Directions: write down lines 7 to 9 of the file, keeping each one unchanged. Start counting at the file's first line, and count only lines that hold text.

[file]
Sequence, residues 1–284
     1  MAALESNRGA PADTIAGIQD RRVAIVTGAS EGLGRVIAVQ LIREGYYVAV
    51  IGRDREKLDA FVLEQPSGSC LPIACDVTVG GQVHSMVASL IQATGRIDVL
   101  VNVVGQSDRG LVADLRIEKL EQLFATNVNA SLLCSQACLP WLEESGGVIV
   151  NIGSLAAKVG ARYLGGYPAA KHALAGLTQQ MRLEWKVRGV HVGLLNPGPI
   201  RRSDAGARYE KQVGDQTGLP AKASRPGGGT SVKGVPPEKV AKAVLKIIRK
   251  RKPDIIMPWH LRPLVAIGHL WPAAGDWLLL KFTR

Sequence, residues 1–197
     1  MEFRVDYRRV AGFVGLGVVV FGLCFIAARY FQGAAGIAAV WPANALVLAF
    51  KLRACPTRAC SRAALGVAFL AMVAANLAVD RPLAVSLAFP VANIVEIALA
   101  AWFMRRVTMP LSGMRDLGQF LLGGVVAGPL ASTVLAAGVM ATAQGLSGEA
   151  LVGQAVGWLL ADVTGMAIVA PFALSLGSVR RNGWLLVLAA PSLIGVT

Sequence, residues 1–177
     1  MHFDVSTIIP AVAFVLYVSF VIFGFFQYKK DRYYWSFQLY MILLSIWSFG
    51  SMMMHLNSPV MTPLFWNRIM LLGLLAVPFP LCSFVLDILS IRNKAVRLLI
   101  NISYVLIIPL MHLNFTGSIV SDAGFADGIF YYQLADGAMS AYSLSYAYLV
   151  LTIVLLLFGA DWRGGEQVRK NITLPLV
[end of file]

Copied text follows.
   251  RKPDIIMPWH LRPLVAIGHL WPAAGDWLLL KFTR

Sequence, residues 1–197
     1  MEFRVDYRRV AGFVGLGVVV FGLCFIAARY FQGAAGIAAV WPANALVLAF